One side note regarding this story is that Rav Yosef is presented as being humble, which he views himself as being very humble (see Sotah 49b). So Rav Yosef was the leading Torah scholar of his generation as far as Torah knowledge goes, as he had the best memory when it came to retaining a lot of Torah knowledge.

However, the statement with which we began this survey as far as a learned Torah scholar losing his memory, is something that he, himself, experienced, as we see (Nedarim 41a):

רַב יוֹסֵף חֲלַשׁ אִיעַקַּר לֵיהּ תַּלְמוּדֵיהּ אַהְדְּרֵיהּ אַבָּיֵי קַמֵּיהּ הַיְינוּ דִּבְכָל דּוּכְתָּא אָמְרִינַן אָמַר רַב יוֹסֵף לָא שְׁמִיעַ לִי הָדָא שְׁמַעְתָּא אֲמַר לֵיהּ אַבָּיֵי אַתְּ אַמְרִיתַהּ נִיהֲלַן וּמַהָא מַתְנִיתָא אַמְרִיתַהּ נִיהֲלַן

Rav Yosef himself fell ill and his studies were forgotten. Abaye restored his studies by reviewing what he had learned from Rav Yosef before him.
This is the background for that which we say everywhere throughout the Talmud, that Rav Yosef said: I did not learn this halakha, and Abaye said to him in response: You said this to us and it was from this baraita that you said it to us.

Examples of such interactions are mentioned in various places throughout tractate Eruvin: Eruvin 10a, Eruvin 41a, Eruvin 66b, Eruvin 73a, and Eruvin 89b.

Speaking of remembering a lot of Torah knowledge, we read that Rav Yosef fasted in order to help him remember (Bava Metzia 85a):

רב יוסף יתיב ארבעין תעניתא ואקריוהו לא ימושו מפיך יתיב ארבעים תעניתא אחריני ואקריוהו לא ימושו מפיך ומפי זרעך יתיב מאה תעניתא אחריני אתא ואקריוהו לא ימושו מפיך ומפי זרעך ומפי זרע זרעך אמר מכאן ואילך לא צריכנא תורה מחזרת על אכסניא שלה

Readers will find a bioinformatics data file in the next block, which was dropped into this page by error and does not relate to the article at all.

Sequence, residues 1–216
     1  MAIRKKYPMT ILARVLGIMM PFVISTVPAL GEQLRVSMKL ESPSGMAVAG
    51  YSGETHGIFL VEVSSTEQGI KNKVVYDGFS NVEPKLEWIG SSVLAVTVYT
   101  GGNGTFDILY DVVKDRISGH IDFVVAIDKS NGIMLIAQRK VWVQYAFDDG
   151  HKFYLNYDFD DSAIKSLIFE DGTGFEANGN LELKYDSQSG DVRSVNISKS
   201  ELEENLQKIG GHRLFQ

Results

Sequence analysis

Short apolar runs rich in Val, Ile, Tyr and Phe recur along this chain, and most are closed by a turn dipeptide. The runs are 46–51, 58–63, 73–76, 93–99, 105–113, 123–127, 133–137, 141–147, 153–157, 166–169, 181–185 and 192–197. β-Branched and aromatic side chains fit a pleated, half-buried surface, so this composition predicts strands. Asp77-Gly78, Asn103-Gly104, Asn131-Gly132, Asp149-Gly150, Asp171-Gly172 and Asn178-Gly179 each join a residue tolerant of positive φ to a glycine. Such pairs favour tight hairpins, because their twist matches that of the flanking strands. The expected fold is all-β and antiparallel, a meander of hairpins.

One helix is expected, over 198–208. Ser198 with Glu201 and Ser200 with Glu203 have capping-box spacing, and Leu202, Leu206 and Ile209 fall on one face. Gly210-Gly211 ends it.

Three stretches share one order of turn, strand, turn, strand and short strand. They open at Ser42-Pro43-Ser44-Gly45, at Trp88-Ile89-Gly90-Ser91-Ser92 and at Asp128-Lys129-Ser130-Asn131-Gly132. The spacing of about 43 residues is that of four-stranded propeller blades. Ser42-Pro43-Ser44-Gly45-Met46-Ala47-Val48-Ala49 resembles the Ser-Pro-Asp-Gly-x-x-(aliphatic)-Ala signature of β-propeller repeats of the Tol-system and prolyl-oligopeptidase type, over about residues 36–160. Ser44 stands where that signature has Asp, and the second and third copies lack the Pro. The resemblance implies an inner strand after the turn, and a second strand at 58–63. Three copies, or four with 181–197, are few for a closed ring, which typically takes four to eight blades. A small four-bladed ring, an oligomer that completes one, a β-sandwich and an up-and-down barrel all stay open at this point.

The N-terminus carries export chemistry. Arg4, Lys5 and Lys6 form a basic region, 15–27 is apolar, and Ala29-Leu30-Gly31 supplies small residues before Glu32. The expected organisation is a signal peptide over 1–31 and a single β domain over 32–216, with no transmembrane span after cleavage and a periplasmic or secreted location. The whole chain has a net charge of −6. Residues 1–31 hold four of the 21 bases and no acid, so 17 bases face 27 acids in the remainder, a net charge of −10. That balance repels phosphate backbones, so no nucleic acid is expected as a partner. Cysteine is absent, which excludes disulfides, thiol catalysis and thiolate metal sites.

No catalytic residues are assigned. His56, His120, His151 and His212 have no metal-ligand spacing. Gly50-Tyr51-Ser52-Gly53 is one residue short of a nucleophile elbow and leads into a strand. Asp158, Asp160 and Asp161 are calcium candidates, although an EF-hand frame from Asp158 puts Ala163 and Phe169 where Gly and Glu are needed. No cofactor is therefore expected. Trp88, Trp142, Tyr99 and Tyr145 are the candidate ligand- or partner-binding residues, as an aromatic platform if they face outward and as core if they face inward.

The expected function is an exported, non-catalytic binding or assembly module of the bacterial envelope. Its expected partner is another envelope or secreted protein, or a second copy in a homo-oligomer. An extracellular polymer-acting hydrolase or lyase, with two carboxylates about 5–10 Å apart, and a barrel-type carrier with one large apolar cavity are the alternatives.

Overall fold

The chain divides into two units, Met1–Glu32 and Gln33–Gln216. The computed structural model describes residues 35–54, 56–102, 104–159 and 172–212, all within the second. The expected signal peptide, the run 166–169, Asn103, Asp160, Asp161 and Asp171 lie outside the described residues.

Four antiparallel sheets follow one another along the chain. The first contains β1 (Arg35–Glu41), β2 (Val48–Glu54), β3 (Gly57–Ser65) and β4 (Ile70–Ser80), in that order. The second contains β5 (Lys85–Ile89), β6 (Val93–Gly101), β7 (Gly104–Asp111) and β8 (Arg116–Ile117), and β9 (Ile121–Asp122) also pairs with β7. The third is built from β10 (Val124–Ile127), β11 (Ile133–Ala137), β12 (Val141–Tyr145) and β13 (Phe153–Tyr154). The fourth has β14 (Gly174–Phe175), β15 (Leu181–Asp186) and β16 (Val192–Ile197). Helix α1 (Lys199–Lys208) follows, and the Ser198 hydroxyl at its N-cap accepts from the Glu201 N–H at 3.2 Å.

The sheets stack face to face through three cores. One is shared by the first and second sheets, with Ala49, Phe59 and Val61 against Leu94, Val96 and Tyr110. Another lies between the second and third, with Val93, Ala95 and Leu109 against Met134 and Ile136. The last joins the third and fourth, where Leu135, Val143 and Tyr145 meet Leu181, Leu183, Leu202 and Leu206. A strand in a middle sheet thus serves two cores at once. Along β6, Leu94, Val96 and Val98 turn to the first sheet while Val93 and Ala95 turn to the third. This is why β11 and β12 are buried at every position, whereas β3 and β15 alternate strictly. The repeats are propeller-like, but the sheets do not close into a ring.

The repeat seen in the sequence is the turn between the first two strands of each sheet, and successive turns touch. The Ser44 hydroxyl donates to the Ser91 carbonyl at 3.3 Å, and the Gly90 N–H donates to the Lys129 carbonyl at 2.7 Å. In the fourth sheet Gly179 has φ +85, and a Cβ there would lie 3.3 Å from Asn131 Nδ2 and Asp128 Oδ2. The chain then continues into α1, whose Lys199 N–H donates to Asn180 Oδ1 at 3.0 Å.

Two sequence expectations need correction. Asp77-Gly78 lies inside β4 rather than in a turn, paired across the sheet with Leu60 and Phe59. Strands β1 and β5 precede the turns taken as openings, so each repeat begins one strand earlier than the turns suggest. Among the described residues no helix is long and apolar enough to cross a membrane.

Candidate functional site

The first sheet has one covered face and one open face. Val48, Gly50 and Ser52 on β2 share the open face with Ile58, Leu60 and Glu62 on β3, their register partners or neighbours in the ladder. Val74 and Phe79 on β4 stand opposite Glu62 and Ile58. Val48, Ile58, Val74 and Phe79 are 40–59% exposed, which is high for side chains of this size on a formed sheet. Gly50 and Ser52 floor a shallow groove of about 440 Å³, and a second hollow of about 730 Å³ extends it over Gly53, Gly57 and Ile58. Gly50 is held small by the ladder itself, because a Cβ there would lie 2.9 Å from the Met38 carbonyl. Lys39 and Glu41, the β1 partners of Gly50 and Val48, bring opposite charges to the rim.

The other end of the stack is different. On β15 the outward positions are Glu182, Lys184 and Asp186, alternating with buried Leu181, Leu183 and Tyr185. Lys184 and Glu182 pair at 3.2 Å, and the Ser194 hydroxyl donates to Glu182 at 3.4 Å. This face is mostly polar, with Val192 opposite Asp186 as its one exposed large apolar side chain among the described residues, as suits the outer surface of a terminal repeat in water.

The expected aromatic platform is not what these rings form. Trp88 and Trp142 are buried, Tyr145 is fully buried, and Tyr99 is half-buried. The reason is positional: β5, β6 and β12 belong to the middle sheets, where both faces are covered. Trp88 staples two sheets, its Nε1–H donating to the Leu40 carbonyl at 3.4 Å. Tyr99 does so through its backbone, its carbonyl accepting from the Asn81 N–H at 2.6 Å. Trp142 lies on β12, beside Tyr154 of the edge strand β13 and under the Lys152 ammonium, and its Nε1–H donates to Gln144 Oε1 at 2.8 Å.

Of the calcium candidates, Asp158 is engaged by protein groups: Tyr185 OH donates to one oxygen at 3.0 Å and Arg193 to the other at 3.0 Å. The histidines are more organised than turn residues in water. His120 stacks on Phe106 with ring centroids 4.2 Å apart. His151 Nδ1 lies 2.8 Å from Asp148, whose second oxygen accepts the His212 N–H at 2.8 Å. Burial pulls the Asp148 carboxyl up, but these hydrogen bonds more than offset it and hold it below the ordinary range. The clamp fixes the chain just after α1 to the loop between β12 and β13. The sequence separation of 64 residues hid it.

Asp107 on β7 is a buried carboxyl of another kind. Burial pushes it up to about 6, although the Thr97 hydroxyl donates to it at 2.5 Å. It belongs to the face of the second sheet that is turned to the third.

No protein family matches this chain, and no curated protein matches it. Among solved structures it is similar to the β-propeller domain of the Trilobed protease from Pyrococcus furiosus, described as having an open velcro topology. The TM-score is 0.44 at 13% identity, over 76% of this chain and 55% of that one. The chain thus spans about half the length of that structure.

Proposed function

Rav Yosef fasted forty fasts and he was read “My words…shall not depart out of your mouth.”

He fasted an additional forty fasts and he was read: “Shall not depart out of your mouth, nor out of the mouth of your seed.”

He fasted an additional one hundred fasts. In a dream, he came and was read the conclusion of the verse: “Shall not depart out of your mouth, nor out of the mouth of your seed, nor out of the mouth of your seed’s seed.”

He said: “From this point forward, I do not need to fast anymore, as I am now assured that the Torah will return to its lodging.”

It’s unclear from this text whether this took place before he got sick and lost his learning or whether it was after he recovered and Abayye helped him learn all of that Torah back.

Either way, it is certainly interesting that he used fasting as a way of helping ensure the continued memory of his learning.

Not sure what to do with this, but it seems Rav Yosef may have been blind; see Kiddushin 31a. Rav Yosef also considered himself to have lived a tough life, as he was compassionate, hot-tempered, and delicate (Pesahim 113b).

Please note, one textual approach to dementia that I appreciated was Rabbi Dayle Friedman’s notion of wandering in the wilderness.